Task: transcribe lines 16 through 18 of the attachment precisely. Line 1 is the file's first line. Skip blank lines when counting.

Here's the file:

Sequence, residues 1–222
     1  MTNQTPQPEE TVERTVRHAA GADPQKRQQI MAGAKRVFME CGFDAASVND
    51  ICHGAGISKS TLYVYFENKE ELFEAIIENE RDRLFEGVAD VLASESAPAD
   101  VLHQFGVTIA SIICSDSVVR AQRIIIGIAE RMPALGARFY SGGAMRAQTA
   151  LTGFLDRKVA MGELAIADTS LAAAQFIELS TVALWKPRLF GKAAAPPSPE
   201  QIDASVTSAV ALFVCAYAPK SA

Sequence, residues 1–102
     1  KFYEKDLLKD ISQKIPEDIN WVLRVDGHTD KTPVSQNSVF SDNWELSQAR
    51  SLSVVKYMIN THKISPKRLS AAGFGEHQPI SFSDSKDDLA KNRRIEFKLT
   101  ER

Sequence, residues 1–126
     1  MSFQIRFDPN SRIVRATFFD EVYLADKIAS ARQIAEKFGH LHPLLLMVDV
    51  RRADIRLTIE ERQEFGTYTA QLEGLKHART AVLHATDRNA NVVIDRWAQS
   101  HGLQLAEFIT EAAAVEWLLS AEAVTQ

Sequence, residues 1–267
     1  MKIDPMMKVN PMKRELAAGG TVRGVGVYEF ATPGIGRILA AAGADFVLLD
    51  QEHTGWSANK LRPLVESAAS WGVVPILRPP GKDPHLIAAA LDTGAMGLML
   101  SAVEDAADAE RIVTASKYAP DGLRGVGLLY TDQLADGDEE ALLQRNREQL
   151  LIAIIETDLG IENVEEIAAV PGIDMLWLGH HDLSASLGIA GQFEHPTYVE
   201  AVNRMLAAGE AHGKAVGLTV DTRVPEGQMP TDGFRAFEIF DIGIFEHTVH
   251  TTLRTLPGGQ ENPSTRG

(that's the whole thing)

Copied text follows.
     1  MKIDPMMKVN PMKRELAAGG TVRGVGVYEF ATPGIGRILA AAGADFVLLD
    51  QEHTGWSANK LRPLVESAAS WGVVPILRPP GKDPHLIAAA LDTGAMGLML
   101  SAVEDAADAE RIVTASKYAP DGLRGVGLLY TDQLADGDEE ALLQRNREQL